Among the bagpipes and the screams of war the Edinburgh military parade becomes an art form with no equals. At the Royal Edinburgh Military Tattoo Parade participate, in fact, several military bands performing every night traditional music and dances and military marches of different kinds, just for the spectators' entertainment. Choreographies, light effects, colours, rhythm and coordination are all the essential elements for the good performance of the parade. In addition to the British Army, there are performances of the armies of other Commonwealth countries and, in recent years, also of armies from some other parts of the world. One of its kind, the Royal Military Tattoo is a prestigious event.
The origin of the name of this festival dates back to World War I, when the British army stationed in the Netherlands used to hear the drums of the Dutch Army announcing the end of the night for the soldiers. This evening parade was known as ‘doe den tap toe’ (pronounced tap-tu), a Dutch expression that literally means ‘close the taps.’
The parade was in fact the sign for the locals to stop serving beer to the soldiers so they could return to their homes at a decent time and be ready for battle the next day. Since then, the British army has adopted the practice of announcing the end of the soldiers' night with a marching band. The term Tap toe, then Tattoo, later went on to indicate a ceremony in which the army musicians performed. The festival as it is known today was celebrated for the first time in 1949 in the Gardens of Princes Street in Edinburgh, but it officially opened to the public only the following year with about 6000 viewers.
Since the 50s, the Military Tattoo is held at the Edinburgh Castle where large bleachers are mounted with a capacity of about 8600 people at a time. The imposing structure is built in about a month, and another month will then be used to disassemble it, but the effect is amazing. During the month of August, there are about 25 shows for as many as 200,000 viewers.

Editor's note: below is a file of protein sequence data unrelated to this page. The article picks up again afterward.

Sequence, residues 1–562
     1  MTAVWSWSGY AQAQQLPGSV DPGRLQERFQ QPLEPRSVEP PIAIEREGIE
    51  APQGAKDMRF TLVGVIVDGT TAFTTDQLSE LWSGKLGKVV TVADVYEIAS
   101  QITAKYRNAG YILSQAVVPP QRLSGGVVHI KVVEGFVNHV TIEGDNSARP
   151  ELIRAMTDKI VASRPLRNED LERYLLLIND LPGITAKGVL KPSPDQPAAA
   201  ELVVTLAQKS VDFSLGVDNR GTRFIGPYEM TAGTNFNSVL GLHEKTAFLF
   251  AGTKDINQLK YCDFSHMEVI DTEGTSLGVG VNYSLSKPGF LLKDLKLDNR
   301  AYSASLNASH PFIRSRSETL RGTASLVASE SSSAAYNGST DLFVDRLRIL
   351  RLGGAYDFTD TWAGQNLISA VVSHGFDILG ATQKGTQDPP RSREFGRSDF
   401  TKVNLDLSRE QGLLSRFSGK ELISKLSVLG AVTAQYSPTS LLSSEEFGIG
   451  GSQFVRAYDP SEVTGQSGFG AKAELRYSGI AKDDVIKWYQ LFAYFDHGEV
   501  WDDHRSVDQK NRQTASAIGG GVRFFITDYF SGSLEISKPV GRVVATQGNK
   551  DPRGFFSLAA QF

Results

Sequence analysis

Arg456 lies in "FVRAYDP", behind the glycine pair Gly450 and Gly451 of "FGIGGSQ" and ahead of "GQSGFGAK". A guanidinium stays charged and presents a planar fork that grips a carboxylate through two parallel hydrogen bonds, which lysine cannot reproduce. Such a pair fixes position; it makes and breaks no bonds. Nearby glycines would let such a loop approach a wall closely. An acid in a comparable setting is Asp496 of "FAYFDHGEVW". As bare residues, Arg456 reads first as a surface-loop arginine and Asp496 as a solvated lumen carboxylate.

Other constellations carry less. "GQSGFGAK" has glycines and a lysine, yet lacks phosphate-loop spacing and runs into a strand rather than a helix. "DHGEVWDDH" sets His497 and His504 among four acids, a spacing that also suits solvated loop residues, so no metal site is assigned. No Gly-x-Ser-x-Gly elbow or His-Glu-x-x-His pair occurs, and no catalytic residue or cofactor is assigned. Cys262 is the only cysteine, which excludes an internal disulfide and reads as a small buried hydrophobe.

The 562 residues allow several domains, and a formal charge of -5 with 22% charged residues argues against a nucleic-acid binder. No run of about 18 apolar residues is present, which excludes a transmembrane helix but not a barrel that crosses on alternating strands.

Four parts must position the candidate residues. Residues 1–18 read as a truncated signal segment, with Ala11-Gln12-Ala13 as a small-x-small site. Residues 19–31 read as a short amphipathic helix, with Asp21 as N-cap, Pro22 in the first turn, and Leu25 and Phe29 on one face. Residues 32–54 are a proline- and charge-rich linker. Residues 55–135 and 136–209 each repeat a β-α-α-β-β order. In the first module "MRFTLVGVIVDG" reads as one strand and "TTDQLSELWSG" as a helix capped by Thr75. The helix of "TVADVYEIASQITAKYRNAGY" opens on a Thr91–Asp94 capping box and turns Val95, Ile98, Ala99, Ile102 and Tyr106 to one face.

Since the year 2010, the Edinburgh Military Tattoo has been renamed The Royal Edinburgh Military Tattoo. The term "real" is a concession of Queen Elizabeth II for the 60th anniversary of the Festival since, in addition to being one of the most iconic and important military bands worldwide, it brings fame and prestige to the British army.
Also non-military performers come from all over the world to attend it: Jamaican dancers, American patriots, Canadian musicians among many others. Spectacular are also the fireworks and final shootings of the cannons at the closing of the ceremony.
It is estimated that around 100 million people in Scotland and around the world follow this international event every year and the BBC channel usually broadcasts its main night live in thirty different countries.
Scottish people come to the event every year and some get collectibles from the event on each occasion so they can have proof they have attended the festival.
It is indeed very prestigious to get a seat on the bleachers inside the castle because they are the best seats in the ’house.’